‘Monster’ iceberg flaking hundreds of offshoots

An island-sized iceberg is breaking up as it drifts nearer to Australia, producing hundreds of smaller slabs spread over an enormous region of ocean, experts said Monday.


The 140-square-kilometre (54-square-mile) chunk of ice, known as B17B, was seen some 1,700 kilometers (1,054 miles) south-southwest of Australia’s western coast on December 9, prompting a maritime alert for vessels in the region.

However as it has tracked further north and east the iceberg has shrunk to some 115 square kilometers — still alarming at about twice the size of Manhattan.

“There are currently many more smaller icebergs calving off B17B, measuring up to some kilometres in length, and spread over more than a thousand kilometers of ocean,” said Australian Antarctic Division glaciologist Neal Young.

Young, who has tracked B17B by satellite images from NASA and the European Space Agency, said the iceberg was some 400 square kilometers in area and 40 meters high when it first broke off from Antarctica.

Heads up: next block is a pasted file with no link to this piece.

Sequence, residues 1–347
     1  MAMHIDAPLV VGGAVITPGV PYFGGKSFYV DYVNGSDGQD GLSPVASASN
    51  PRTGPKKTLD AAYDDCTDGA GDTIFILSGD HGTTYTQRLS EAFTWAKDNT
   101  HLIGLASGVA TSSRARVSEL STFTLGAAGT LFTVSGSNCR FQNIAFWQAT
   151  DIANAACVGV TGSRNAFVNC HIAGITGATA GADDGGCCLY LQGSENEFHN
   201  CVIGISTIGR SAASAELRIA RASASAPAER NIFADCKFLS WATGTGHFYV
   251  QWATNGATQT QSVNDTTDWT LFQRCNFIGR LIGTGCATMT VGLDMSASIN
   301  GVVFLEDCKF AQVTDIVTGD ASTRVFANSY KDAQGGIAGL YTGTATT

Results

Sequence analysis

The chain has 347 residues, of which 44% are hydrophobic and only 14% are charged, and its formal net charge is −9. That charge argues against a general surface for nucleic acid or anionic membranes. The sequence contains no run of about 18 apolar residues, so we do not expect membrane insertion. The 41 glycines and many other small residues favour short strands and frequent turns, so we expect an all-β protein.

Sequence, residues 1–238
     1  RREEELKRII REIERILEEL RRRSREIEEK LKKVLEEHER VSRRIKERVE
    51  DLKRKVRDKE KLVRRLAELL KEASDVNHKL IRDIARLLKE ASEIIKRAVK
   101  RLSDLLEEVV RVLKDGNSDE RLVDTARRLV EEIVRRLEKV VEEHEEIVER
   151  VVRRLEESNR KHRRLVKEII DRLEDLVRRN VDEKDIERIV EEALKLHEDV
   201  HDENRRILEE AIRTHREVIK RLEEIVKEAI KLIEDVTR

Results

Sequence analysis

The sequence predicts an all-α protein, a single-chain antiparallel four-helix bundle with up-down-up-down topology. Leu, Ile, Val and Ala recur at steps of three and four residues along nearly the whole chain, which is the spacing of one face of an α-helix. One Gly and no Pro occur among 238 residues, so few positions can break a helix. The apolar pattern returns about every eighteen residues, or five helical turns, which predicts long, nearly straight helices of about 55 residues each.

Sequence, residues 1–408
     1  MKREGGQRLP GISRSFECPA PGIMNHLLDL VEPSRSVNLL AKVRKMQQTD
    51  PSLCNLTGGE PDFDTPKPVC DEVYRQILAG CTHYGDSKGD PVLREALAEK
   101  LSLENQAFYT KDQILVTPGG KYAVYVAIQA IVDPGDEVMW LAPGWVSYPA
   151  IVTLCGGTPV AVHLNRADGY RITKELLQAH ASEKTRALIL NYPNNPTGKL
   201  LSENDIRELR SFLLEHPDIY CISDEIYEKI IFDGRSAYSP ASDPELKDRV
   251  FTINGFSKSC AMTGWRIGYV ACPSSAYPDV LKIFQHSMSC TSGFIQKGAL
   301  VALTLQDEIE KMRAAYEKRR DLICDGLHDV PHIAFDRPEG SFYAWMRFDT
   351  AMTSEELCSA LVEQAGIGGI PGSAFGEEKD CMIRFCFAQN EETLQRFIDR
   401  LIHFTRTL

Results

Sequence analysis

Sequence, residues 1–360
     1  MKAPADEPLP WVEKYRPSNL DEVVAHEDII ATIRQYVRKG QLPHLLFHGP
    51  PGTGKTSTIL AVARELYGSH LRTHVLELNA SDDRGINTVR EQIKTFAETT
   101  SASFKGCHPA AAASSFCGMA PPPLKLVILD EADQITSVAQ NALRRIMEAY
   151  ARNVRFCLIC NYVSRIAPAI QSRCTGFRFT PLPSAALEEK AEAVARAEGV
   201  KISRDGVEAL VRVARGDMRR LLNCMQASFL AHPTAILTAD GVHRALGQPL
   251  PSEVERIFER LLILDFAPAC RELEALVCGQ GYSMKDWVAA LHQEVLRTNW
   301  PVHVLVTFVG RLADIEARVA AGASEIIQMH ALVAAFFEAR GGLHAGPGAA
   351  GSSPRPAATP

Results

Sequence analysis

“If you didn’t know regarding the early picture you would still say it’s a monster,” Young told AFP.

Young said he expected B17B to completely dissolve but was incapable to predict when this would happen. “Might be two weeks, may be a number of weeks. The key thing at the moment is its getting thinner,” he said.
“It’s got its feet in what it thinks is warm water — about six to eight degrees Celsius (45 F) — we think that’s freezing cold but for an iceberg that’s quite warm.

The iceberg, which calved from the eastern end of the Ross Ice Shelf almost 10 years ago, is likely to carry on tracking in a more easterly direction.

Australian authorities last week issued a shipping alert over the probable danger from icebergs.

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